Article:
The owl is about 18 inches tall and full of righteous intimidation. He's not as handsome as this art picture I made of him. In real life, he's brown and gray, more like a real owl. When I bought him two years ago at the feed and seed store, the man at the checkout said, "Trying to scare away some squirrels?"
I said yes and left it at that. We both knew it would probably not work.
It did work for a short while, though. Long enough to convince me to store it in the potting shed for another 2 winters. I have to set it upright every day, since it is light as a feather (no pun intended), and falls over at the slightest bit of breeze. An owl laying on its side is only half a threat at best, and no threat at all to a quick-witted squirrel.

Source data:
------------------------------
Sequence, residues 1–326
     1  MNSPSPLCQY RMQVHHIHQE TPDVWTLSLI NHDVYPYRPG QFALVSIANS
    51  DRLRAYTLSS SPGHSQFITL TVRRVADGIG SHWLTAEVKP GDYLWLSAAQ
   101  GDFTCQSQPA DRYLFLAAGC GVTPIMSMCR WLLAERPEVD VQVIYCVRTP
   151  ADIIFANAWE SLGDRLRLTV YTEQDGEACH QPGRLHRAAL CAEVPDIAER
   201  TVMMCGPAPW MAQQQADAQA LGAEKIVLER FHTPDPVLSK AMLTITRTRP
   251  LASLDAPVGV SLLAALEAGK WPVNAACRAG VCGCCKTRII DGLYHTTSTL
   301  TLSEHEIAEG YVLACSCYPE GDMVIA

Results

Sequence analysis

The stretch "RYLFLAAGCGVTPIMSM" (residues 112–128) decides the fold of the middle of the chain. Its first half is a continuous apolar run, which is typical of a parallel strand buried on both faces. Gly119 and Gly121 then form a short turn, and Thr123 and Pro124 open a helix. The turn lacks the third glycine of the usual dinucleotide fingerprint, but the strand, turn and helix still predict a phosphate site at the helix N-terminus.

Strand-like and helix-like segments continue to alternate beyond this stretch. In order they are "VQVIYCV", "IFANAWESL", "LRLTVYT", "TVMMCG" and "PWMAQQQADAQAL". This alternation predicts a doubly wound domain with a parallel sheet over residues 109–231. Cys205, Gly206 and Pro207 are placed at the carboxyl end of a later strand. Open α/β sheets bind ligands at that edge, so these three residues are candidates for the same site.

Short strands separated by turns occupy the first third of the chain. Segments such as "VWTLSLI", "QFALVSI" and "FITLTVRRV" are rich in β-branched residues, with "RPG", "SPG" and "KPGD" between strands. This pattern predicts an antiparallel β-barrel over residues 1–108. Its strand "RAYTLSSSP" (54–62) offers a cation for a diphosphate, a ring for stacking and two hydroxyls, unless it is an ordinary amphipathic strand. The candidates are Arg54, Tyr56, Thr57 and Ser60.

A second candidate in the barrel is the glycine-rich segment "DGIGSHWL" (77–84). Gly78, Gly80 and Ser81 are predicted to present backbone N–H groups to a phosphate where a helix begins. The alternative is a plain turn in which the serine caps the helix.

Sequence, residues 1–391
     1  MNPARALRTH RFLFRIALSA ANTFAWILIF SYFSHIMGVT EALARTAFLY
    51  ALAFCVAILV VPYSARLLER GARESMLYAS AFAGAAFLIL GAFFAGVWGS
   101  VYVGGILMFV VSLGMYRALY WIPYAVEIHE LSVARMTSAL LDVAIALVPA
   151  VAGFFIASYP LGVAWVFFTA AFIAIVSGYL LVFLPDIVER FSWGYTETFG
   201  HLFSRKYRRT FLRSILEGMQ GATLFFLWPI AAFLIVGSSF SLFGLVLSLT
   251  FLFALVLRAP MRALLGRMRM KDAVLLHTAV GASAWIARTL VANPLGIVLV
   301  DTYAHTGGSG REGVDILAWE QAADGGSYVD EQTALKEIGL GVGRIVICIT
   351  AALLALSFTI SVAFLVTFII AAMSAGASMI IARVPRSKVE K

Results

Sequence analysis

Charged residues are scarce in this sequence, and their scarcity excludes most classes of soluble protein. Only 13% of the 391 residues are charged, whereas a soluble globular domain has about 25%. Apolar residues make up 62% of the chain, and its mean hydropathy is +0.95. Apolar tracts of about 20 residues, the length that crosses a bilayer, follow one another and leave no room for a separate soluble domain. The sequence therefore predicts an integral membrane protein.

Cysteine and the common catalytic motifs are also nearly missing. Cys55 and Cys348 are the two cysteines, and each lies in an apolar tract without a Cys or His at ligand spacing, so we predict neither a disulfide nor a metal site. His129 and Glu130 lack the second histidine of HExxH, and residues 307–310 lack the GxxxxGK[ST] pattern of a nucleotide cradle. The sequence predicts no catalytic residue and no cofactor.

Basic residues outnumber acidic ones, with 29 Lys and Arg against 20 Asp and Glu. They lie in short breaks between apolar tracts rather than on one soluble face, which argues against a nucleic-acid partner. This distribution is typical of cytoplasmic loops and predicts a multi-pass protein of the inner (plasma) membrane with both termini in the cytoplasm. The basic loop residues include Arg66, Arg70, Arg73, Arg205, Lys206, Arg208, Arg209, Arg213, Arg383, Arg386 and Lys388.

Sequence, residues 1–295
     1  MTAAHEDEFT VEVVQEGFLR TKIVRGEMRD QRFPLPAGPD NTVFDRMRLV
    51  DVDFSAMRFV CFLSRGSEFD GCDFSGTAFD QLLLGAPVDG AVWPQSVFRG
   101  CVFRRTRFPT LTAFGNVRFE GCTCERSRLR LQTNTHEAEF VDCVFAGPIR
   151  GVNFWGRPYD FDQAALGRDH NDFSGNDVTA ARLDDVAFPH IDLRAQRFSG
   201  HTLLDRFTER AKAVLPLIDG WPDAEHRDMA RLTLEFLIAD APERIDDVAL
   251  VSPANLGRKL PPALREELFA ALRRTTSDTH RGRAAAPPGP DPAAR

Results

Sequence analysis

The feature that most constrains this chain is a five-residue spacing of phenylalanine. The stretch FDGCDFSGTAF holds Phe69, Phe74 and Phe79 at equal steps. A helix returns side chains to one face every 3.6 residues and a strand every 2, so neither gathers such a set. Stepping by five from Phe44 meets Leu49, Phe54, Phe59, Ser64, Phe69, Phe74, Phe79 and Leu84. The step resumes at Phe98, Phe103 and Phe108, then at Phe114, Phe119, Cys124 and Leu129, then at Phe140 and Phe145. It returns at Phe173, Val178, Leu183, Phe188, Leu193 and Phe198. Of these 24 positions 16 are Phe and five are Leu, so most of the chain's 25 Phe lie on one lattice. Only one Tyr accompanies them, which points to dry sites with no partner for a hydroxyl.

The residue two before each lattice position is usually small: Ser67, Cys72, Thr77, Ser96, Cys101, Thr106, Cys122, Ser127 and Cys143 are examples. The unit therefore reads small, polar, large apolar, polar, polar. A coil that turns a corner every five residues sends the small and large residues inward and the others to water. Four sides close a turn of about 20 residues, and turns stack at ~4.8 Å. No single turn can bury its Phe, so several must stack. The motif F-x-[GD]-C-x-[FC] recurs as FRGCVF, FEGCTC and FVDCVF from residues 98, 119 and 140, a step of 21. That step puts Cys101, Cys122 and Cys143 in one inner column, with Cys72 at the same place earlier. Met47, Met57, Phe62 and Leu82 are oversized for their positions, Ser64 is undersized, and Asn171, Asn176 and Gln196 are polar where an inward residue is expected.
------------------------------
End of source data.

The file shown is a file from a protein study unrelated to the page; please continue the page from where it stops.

This spring, in the early morning and late evenings, My husband and I have begun to hear a very real owl echo his haunting call into the Woods Out Back. It's a slow, deep sound that comes out of perfect silence, and we usually don't recognize it until the 3rd or 4th call.
My husband is always the first to take note. "There it is," he says, and he stops again to listen. "Did you hear that? It's the owl." Then I listen carefully, and once only, or if I'm lucky, two times I too hear the lonesome sound. It's as if the owl knows instantly that we are straining to hear him, so he hides back into the night. But it's too late! Like two stealth outsiders, we hear what no one else has heard. Or so it seems.